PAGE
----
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Phil
Phil, Mechanical Engineer
Category: HVAC
Satisfied Customers: 7842
Experience:  Retired HVAC/ Electrical & Boiler contractor. Industrial
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Can i install radiant in floor heating and connect it to my

Customer Question

can i install radiant in floor heating and connect it to my geothermal furnace? will doing so unbalance the forced air side of my heating and cooling or overwork my electric heat assist in the winter?
Submitted: 1 year ago.
Category: HVAC
Expert:  Phil replied 1 year ago.
I need the brand and model number of the geothermal unit. Depending on what you have, and what I think you have, it will amount to an unnecessarily complex complication of the geothermal unit, without benefits worth the investment. If you can tell me what your goals are, I might be able to show you some other alternatives. We can go from there. If I miss you tonight I will follow up with you first thing in the morning. .
Customer: replied 1 year ago.

i have a water furnace premier at. the pex in the floor is laid very close together so it wouldn't be a lot of effort to heat the space between the runs. i'm not so concerned about the investment amount to be honest, its more of a situation where we can't use gas as a fuel alternative for a boiler and the geothermal is already here. i have a manifold with 7 zone loops and my pipe is laid over by aprox 20 x 50 foot area.

Expert:  Phil replied 1 year ago.
Are you taking about heating the space on the floor between each pex tube in the floor? If so, its not necessary, that happens all by itself as long as there is hot water in the pex tubes (called conduction) If you want to use the water furnace to heat water to run through the pex tubes it can be done by diverting some of the hot gas that currently runs to the central heating coil to a heat exchanger with that hot gas on one side of the heat exchanger, and the water in pex tube manifold, and fitting a water pump to move the water through the pex tubes? Let me know if that sounds like what you have or not. If you can make a sketch of what you need, and take a picture of it, and post it here using the paper clip icon that will help immensely. If you miss me tonight I will be back first thing in the morning..
Customer: replied 1 year ago.

no no, i'm not talking between the tubes. i'm just saying that there is little space between the tubes (about 8 inch) throughout the entire floor.

This statement perplexes me a bit:


"If you want to use the water furnace to heat water to run through the pex tubes it can be done by diverting some of the hot gas that currently runs to the central heating coil to a heat exchanger with that hot gas on one side of the heat exchanger, and the water in pex tube manifold, and fitting a water pump to move the water through the pex tubes?"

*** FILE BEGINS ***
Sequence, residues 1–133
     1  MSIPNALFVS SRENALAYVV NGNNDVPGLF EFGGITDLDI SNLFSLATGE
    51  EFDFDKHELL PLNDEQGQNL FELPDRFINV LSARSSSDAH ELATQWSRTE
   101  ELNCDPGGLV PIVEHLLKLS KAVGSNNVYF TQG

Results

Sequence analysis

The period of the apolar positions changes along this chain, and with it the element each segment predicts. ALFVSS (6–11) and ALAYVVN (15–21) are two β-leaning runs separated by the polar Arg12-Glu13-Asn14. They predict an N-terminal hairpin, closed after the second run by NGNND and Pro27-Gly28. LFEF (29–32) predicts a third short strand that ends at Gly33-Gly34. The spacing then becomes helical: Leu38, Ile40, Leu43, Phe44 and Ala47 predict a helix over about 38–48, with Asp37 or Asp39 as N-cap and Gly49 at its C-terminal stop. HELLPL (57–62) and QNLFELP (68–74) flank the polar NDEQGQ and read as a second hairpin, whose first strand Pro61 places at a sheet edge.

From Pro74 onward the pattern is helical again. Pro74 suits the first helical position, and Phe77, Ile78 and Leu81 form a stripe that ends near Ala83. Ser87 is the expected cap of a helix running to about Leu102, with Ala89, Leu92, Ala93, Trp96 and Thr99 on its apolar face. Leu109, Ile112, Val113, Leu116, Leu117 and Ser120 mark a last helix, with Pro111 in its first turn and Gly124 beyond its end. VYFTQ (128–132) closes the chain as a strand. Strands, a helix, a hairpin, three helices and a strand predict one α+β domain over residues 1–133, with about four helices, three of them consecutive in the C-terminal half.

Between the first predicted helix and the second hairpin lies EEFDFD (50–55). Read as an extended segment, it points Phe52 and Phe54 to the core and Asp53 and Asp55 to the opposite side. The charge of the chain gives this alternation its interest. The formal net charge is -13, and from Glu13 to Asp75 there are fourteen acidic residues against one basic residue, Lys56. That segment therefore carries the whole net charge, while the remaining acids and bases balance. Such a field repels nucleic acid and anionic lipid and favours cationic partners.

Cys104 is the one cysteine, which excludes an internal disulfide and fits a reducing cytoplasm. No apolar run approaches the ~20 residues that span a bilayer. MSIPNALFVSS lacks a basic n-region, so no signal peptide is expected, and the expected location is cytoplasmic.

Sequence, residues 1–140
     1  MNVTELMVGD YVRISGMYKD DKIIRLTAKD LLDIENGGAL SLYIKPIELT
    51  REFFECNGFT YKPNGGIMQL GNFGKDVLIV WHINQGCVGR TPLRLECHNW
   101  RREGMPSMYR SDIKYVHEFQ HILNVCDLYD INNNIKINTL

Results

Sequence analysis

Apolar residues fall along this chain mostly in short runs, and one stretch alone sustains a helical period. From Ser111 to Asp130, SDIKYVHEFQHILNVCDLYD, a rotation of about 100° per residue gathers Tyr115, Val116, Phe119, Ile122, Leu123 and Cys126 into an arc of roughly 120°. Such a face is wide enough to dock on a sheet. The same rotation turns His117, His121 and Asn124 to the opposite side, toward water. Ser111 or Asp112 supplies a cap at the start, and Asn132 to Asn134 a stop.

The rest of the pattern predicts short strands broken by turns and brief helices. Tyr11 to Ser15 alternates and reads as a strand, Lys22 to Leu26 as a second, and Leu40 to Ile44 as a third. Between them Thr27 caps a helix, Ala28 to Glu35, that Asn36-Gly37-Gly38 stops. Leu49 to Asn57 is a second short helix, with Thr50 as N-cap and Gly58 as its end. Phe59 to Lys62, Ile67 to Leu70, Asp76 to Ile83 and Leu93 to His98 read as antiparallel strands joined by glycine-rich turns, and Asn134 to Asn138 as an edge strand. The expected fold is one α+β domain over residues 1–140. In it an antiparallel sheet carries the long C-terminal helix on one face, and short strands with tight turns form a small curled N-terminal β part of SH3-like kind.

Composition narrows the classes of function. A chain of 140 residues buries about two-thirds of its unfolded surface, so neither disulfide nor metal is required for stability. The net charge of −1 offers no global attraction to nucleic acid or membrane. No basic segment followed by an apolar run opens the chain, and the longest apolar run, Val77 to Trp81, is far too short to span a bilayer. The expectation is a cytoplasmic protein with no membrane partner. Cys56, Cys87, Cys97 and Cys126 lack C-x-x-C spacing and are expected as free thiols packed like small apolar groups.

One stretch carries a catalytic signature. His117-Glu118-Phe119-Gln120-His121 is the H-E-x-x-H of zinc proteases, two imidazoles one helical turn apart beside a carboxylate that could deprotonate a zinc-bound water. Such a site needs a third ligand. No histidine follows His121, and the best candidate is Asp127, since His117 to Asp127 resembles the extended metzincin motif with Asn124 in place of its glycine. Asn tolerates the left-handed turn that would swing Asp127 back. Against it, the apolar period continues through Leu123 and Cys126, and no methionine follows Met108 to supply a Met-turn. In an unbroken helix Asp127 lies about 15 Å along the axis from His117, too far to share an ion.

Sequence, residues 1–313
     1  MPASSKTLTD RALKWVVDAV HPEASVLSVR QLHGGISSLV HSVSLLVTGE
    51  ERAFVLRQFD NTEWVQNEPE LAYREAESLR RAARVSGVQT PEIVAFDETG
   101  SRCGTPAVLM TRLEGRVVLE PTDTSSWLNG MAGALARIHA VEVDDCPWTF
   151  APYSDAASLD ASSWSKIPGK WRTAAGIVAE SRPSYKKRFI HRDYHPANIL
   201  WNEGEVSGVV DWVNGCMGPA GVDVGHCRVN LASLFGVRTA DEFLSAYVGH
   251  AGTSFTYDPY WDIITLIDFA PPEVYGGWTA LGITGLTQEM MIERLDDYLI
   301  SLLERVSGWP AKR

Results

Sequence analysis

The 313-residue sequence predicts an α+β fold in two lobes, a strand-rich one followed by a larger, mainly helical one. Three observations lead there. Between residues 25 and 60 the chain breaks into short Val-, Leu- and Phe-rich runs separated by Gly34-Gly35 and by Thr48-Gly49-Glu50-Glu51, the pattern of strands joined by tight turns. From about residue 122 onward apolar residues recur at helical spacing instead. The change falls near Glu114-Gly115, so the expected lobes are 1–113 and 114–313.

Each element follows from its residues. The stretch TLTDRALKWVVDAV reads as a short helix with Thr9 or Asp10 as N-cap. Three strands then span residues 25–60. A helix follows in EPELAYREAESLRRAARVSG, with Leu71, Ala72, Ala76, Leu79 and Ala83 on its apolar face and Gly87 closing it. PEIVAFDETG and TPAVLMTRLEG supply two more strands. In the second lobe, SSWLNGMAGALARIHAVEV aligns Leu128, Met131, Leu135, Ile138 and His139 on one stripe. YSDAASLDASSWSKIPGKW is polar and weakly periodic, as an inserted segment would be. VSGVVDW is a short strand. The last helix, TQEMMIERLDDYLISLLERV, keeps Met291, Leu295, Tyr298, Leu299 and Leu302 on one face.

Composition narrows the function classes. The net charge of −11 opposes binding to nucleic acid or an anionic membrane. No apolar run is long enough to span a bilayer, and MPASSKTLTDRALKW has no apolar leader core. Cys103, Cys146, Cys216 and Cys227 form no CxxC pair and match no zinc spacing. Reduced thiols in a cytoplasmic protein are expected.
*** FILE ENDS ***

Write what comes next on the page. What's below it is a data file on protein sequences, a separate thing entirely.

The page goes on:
are you saying that its gas or gaseous matter that flows through the heating coil (copper tubes with fins that looks like a radiator) and not straight water? My understanding of the system was that water comes from tubes in the ground and that water is brought to temp by the constant ambient temp deep underground and that if that water isn't warm enough to heat the house when the fan forces air through the "rad" that the water flows through its assisted by an electronic heating coil that the air passes through before it makes its way through the ducts.

it also looks like that the system can draw from a slave tank thats connected inline with the houses domestic hot water tank for additional assistance, however at this time and ever since i've been here, the in and out valves to the tank have always been closed, so its not using any of that. let me know if that helps you any or if my understanding is totally out to lunch.

thanks


Expert:  Phil replied 1 year ago.
Hello again,

see the diagram at the link below
https://heatinghelp.com/assets/Uploads/water-to-air-heat-pump-diagram.jpg

The small red tube is the copper tube and aluminum fin coil that has refrigerant gas running through it, hot has in the winter, and cold gas in the summer... the medium sized blue line is the condensed refrigerant liquid... it is condensed in the ground source heat exchanger, the rejects heat to the ground in the summer, and absorbs heat from the ground in the winter. That is the round red and blue item in the diagram.

we would be cutting into the medium sized blue refrigerant liquid line and small red line at the top of the coil, and running those to the refrigerant side of a heat exchanger that would heat water in the heat exchanger, that water would be pumped through your floor radiant heat manifold.

http://screencast.com/t/PwlaRBWhQGs


Let me know if that helps or not.

We can go from there.

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